Theme and What is it?
The land of Egypt has always been a land of great wealth. Expeditions from all over the world are descending on the Jewel of the Nile to seek out its riches and gain archeological glory. Your team has just arrived and must set up the excavation site as soon as possible. Your goal is to discover as many Golden Scarabs as possible within your dig site. Your team must be quick and precise because others have come here to seek the same treasures as you.
In Scarabya, players seek to uncover the largest number of Golden Scarabs in a designated area. Space is limited and dig sites tend to sprawl, overtaking much of the excavation area.
Scarabya is a tile laying game. Players begin with the same board setup and tile combination. The tiles each have a unique shape. The game is played over 12 rounds. In each round, a Mission Card is played showing one of the tile shapes. Players take their matching tile and place it somewhere on their board. These tiles, the edges of the board, and rocks all form boundaries. To gain Scarab Points, players must leave Scarabs exposed in areas of 1, 2, 3 or 4 squares. Any number over that does not provide a score. Areas are created with the boundaries of the game. Scarab Points are awarded equal to the number of squares in each qualifying scarab area. The player with the most Scarab Points is the winner.
I was intrigued by Scarabya just because I am a big Bruno Cathala fan. When you become familiar with a game designer, you become very comfortable with future releases. Scarabya felt like a Bruno game right out of the box. My familiar curiosities soon turned to expected enthusiasm. I wasn’t at all surprised that I enjoy Scarabya as much as I thought I would. My first play through was with my daughter and my niece. Rules were discussed for maybe three minutes and we jumped right in. The game provided some immediate challenges. The individualized tile pieces were unfamiliar to us and trying to place them on the board and score points was hard to conceptualize at first. We didn’t look at the pieces other than to punch them out, so while laying the first few tiles, we did a lot of second guessing of our placements. We were not sure if a piece in a certain spot would be beneficial or not. We soon overcame this hesitancy and started to enjoy the process of excavating our dig sites.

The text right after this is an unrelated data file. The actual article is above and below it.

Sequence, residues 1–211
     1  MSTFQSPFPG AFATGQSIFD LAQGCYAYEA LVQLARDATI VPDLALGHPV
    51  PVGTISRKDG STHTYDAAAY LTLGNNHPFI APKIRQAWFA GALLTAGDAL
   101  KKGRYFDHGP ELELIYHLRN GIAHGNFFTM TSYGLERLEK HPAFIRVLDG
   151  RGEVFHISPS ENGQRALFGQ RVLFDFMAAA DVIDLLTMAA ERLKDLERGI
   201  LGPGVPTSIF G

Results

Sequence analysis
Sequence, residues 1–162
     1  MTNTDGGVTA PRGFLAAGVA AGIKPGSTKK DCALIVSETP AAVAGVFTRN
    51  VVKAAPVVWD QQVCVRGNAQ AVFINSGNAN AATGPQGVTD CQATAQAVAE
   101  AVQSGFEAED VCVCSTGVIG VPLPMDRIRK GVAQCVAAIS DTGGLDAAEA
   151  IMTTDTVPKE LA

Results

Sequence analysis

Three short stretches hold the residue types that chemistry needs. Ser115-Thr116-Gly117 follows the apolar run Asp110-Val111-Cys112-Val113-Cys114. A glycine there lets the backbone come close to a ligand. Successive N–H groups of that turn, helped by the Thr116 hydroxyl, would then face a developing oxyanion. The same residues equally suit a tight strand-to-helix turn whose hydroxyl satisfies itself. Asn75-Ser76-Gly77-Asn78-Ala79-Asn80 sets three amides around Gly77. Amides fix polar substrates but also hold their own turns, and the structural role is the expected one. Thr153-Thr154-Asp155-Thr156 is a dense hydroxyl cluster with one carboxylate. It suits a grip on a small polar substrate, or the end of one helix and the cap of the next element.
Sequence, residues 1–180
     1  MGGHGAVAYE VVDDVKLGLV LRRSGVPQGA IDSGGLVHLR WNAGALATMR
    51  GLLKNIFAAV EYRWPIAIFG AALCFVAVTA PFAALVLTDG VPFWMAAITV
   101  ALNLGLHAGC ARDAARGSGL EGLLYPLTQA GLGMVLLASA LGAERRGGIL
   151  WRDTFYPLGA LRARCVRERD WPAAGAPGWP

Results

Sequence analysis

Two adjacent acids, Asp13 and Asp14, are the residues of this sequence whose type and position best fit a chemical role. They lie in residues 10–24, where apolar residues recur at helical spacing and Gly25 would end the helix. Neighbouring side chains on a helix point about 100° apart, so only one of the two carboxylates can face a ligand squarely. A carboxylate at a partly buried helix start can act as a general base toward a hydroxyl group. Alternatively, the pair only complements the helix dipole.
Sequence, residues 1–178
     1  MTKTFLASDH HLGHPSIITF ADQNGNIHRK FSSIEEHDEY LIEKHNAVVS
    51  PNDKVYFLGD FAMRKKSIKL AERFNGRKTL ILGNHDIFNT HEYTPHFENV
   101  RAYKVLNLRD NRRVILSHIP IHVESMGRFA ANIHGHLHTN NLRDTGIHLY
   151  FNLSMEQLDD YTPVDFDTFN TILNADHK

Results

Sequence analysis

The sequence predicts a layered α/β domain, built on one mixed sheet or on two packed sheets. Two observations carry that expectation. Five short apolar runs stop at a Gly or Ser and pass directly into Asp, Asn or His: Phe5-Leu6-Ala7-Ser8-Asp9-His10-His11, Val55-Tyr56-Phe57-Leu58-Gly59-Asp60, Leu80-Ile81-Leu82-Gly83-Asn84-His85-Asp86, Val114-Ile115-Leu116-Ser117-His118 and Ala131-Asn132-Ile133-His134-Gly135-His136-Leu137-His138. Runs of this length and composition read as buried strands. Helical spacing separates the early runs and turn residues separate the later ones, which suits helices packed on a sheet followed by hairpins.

Game Build Quality
I have nothing but good things to say for Scarabya’s build quality. All of the components are top notch. The only thing that may be an issue in the future is the outside edge piece of the board. It is used to hold everything in place and because of its size, it can easily be bent or torn. It is not manufactured poorly, it is just a large piece with no support in the middle of itself. I think with proper storage it should not be a problem. I will take extra care with that piece and would suggest the same for you.
I really like what Blue Orange has done with artwork for Scarabya. It has a great feel that transports you to the early 1900’s. Each player’s board is unique and has its own character theme based on the four characters found on the front of the game. Make sure to examine the game tiles as you lay them on your board as each tile has individual elements. Some might consider the artwork too cartoony, but I didn’t have a problem with it. It is very stylized, and I think it works very well with the theme. Players will want to take their time and enjoy the experience that the art director has created. The game plays very fast, so why not take some extra time to experience the details.
Scarabya has an immediate “wow” factor. Everyone loved receiving their own boards. You add rocks to the board and it is fun placing the rocks to get set up. Since each tile is a different shape, we took some time to look at them. Because it was easy to explain the game, we jumped right in to play. Figuring out how to place the first few tiles was challenging. This attracted the attention of others who gathered around to watch us play and check out the new game. They were immediately intrigued and asked to play after our game. Scarabya gets my trifecta approval. Excellent artwork. Excellent components. Most important, excellent game play. It is hard to not totally enjoy yourself when the trifecta is met.
Age Range & Weight
The age recommendation for Scarabya is 8+. There is no reading involved so younger players will not have a tough time with this game as long as they can visualize the playing board and how to fit the current piece on the board. This can become harder as the game progresses and the board starts to have less space available. I played the game with a six-year-old, and I only had to provide minor hints to help. He figured most of it out on his own. He did not score too many points but enjoyed the game and was not upset with the outcome. 8+ may be a fair recommendation, but younger players can play it if they have the right spatial recognition skills.
Scarabya really showed up on my doorstep without too much fanfare. I was surprised that I had not heard about the new Bruno Cathala game. I was pleasantly surprised when I received it and was very interested to learn more about it. Once I learned more about it, I was not disappointed at all. Scarabya is a quick game that requires some forward thinking to score as many points as possible. I imagine most players will be like us, excited to play the game all over again right after finishing it. That may be the one of the best complements gamers can give a game. Break out those shovels and let the digging begin. The golden scarabs aren’t going to excavate themselves!
Scarabya by Blue Orange Games Review
Publisher: Blue Orange Games Game Type: Tile Laying Designer: Bruno Cathala & Ludovic Maublanc Initial Year of Release: 2018 Artist: Sylvain Aublin The